It's hard to resist the urge to reverse-engineer success, which helps to explain why Forbes' 400 list is so fascinating to people. After all, in a few short pages, readers can compare the lifestyles -- and birth-styles and childhood-styles -- of the rich and famous. With a little bit of patience and a big dose of armchair psychology, it might even be possible to create a checklist of key points that an ambitious young tyro can work through on his or her (more likely his) way to the top. At least, that seems to be the point of a recent article in which writer Duncan Greenberg analyzed the Forbes list.
This sort of after-the-fact statistical analysis seems to be in vogue, at least since the 2008 publication of Outliers, Malcolm Gladwell's book that suggested the revolutionary notion that success is a combination of luck and hard work. In this controversial work, Gladwell seemingly reduced human accomplishment to a mix of being born at the right time, living in the right place, and spending 10,000 hours practicing one's profession. In the process, he also managed to annoy numerous readers who found the book a self-serving autobiography that ignored conflicting evidence and offered little useful information.
To Greenberg's credit, he ties his analysis to a tangible measure -- the Forbes list -- which keeps him from spiraling into the cherry-picked arcana method that Gladwell seems to prefer. Admittedly, some of Greenberg's most surprising conclusions seem to melt under the light of serious analysis. For example, his conclusion about Autumn births seems a little more obvious when one considers that September has more births than any other month. Thus, while it probably produces more billionaires than any other month, it also is likely to produce more paupers. Similarly, Greenberg's determination that Forbes 400 members tend to be good at math seems to be on a par with the conclusion that Pulitzer Prize winners are skilled wordsmiths.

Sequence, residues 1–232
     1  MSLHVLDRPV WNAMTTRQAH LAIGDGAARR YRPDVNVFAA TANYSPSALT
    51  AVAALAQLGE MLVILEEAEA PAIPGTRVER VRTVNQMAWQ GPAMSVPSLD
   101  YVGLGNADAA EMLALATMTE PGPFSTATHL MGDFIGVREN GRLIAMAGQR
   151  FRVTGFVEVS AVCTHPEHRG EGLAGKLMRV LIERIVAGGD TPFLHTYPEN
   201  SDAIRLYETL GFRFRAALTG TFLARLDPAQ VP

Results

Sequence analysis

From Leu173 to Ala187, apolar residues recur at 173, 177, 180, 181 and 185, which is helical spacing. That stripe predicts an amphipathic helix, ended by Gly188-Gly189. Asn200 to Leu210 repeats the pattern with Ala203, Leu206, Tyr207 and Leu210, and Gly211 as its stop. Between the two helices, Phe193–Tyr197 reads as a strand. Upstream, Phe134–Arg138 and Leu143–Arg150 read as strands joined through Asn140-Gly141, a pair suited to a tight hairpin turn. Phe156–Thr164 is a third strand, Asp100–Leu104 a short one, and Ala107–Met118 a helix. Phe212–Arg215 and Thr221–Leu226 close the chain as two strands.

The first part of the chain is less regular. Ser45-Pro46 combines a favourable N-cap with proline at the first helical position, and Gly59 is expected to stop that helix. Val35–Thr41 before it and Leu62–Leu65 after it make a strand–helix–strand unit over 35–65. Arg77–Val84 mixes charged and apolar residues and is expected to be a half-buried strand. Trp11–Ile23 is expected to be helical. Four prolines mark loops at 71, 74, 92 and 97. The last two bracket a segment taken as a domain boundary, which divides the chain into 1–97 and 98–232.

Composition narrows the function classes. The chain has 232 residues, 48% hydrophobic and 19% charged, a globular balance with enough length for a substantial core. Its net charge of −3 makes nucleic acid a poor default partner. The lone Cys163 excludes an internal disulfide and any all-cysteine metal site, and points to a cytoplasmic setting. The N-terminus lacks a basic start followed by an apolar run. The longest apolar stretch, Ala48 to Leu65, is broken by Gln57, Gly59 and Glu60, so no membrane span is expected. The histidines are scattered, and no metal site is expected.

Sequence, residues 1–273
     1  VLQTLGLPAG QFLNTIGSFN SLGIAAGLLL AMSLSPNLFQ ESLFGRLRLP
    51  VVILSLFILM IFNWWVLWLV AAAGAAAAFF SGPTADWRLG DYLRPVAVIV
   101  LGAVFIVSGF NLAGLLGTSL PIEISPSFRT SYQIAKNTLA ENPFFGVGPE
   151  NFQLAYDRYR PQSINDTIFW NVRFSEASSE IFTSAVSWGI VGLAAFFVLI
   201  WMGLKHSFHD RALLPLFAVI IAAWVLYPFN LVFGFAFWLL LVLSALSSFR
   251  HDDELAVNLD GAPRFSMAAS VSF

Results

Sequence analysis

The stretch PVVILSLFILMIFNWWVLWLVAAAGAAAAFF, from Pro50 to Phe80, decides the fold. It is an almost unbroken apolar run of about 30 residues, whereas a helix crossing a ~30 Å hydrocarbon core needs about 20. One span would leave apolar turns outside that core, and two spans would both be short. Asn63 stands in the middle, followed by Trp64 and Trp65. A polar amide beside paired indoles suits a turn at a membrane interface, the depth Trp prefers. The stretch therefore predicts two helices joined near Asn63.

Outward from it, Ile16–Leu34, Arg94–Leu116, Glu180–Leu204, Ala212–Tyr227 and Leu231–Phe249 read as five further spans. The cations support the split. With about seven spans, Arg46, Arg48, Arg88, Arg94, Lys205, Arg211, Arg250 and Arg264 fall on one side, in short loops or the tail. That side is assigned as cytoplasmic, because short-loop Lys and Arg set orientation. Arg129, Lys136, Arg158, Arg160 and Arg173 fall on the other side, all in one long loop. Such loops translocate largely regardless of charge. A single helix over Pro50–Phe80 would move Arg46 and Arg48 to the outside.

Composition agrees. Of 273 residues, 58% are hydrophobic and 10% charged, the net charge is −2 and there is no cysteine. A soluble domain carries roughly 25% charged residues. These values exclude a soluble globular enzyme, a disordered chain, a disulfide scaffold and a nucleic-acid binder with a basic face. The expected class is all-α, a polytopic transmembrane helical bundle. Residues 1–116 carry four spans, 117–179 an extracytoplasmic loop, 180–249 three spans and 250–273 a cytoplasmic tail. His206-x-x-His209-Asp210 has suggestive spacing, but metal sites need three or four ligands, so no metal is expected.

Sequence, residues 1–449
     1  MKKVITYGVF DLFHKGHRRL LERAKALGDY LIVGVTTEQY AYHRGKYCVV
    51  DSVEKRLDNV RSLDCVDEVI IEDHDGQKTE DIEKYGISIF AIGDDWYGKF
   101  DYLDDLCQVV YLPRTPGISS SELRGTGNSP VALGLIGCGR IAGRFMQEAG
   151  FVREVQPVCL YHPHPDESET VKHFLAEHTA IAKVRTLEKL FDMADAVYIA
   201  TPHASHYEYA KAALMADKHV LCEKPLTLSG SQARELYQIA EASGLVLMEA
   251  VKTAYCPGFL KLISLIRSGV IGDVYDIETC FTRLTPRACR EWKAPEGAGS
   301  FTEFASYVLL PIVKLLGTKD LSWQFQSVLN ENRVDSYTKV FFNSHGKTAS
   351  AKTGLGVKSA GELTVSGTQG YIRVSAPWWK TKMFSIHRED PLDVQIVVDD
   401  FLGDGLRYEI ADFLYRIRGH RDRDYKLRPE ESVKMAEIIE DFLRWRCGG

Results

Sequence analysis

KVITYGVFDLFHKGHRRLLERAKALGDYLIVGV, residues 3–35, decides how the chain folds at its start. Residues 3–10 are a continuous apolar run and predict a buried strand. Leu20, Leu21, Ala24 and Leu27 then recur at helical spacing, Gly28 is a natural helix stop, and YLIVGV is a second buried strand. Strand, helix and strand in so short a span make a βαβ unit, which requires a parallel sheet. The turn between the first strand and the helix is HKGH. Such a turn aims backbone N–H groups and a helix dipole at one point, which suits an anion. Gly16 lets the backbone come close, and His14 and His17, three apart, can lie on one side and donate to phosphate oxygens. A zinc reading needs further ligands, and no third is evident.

Greenberg's revelation that 14 percent of the self-made tycoons on the Forbes 400 didn't graduate from college is shocking. On the other hand, its worth noting that college still seems to be a superior route to fame and fortune: Half of the tycoons who made their money in finance have graduate degrees, and 70 percent of the list's MBA holders graduated from Harvard, Columbia or Penn's Wharton School of Business.
Many belonged to Skull and Bones, Yale's super-secret club that boasts George H.W. Bush, George W. Bush and CIA chief James Jesus Angleton among its members. Unsurprisingly, success still seems to have a lot to do with who you know.
Speaking of boys clubs, what about the Goldman Sachs connection? As Greenberg notes, "At least 11 current and recent billionaire financiers worked at Goldman or one of its subsidiaries early in their careers." Of course, as Hank Paulson, Josh Bolton, Jon Corzine, Jim Cramer, and Robert Rubin could all attest, Goldman Sachs is a great name to have on one's resume.
While Greenberg seems to present a few useful tidbits for readers -- for example, if one wishes to spawn a billionaire, it's not a bad idea to conceive in January, February or March -- he also seems to ignore a few of the most pressing questions raised by the Forbes list. To begin with, how many of the list's self-made billionaires are men? How many were born in the United States? How many have bank accounts in the Caribbean? How many have used political connections for financial gain? How many are friends with Hank Paulson?
Inquiring minds want to know.